Distressingly smaller

Businesses that are ‘non-compliant’ with B-BBEE policy nevertheless pay taxes, provide employment, participate in value chains and generally help keep the country going – all of this despite a very tough business climate (at the best of times). This is particularly the case in the formal SME space; despite a decades-long policy commitment to growing the presence of such firms in the economy, credible research by the Small Business Institute and SBP put the number of these firms at just under 268 000 (2016 figures). This was distressingly smaller than had previously been believed, and illustrates part of the economy’s structural weakness.

Indeed, Prof Mohale has himself rightly noted in the past that in South Africa, small businesses contributed only a fraction of new jobs compared with the 80% or so in the economies of its BRICS counterparts. 

Let it not be forgotten that this problem existed long before the COVID-19 crisis. South Africa’s economic growth rate has been anaemic for a decade, and South Africa entered the pandemic in a recession. South Africa lost its last investment grade rating on the day it was locked down.

Meanwhile, a Stats SA survey of businesses – published on 21 April – found that somewhere over 84% of businesses believed that they could not survive without turnover for up to three months. And more than a third of these firms believed they were unlikely to hang on for a month.

Frankly, South Africa cannot afford to lose the businesses it has, and if its economy is to have a fighting chance of recovery, it needs every ounce of entrepreneurial ability and the participation of every businessperson it can muster – irrespective of race or gender (this applies as well, incidentally, to suggestions that foreigners be excluded from parts of the economy).

‘Totally idiotic’

As the perceptive journalist Justice Malala commented about the government’s stance on relief: ‘This is well and truly and totally idiotic. It makes no sense whatsoever at any level. Say goodbye to jobs, GDP growth or a Moody’s or Fitch upgrade any time soon.’

The thrust of race-based policy needs to be rethought. We at the Institute of Race Relations (IRR) fully recognise that the ugly and brutal racial history of South Africa lies at the roots of many of the country’s problems. What is far less clear is whether current race-based policy offers any solutions. The evidence for this is unconvincing. And to the extent that it raises the costs of doing business or aggravates rather than reduces social cleavages, it is counterproductive. Indeed, this is why the South African Communist Party – hardly the allies of the IRR – has taken issue with it.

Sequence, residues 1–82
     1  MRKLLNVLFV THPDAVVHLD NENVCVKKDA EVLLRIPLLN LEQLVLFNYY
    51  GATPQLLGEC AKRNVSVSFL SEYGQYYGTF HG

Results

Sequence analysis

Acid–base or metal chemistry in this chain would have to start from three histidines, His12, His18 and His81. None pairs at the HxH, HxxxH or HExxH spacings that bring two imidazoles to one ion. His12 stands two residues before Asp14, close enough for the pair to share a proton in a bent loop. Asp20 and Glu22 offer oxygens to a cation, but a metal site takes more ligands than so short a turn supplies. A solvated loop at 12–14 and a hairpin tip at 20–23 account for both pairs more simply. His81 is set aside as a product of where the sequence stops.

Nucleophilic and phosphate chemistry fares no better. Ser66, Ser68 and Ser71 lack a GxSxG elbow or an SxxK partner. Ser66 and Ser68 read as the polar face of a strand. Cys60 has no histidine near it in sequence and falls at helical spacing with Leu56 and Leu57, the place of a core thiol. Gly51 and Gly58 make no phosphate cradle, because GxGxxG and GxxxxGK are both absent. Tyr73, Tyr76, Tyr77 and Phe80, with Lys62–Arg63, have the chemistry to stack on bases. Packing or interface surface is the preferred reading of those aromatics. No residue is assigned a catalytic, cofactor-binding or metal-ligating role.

Our alternative, Economic Empowerment for the Disadvantaged, would target as its beneficiaries people on the basis of their socio-economic status, and would incentivise business to provide the necessary investment, jobs and social spending. It would move aggressively on the hard but unsexy choice of education and regulatory reform.

Given the country’s history and the patterns of deprivation, the vast majority of its beneficiaries would be black – and if some poor white people benefited too, what coherent moral argument could be made against that? Would there be anything in this, to borrow Judge Kollapen’s words, that would be ‘shameful’?

‘It is the law,’ Prof Mohale writes, ‘and our job is to comply.’

From a former head of Business Leadership South Africa, and the chancellor of a university, these are disappointing sentiments. If our society is to have a prospect of rehabilitation, we need bold thinking, sometimes unpopular thinking, and not meek acquiescence. Indeed, as concerning as decisions around the B-BBEE stipulations of state aid may be, the state pointed out in the court case that only around 4 000 businesses would benefit from the funds available. The coffers are empty.

New thinking may be a necessity for survival.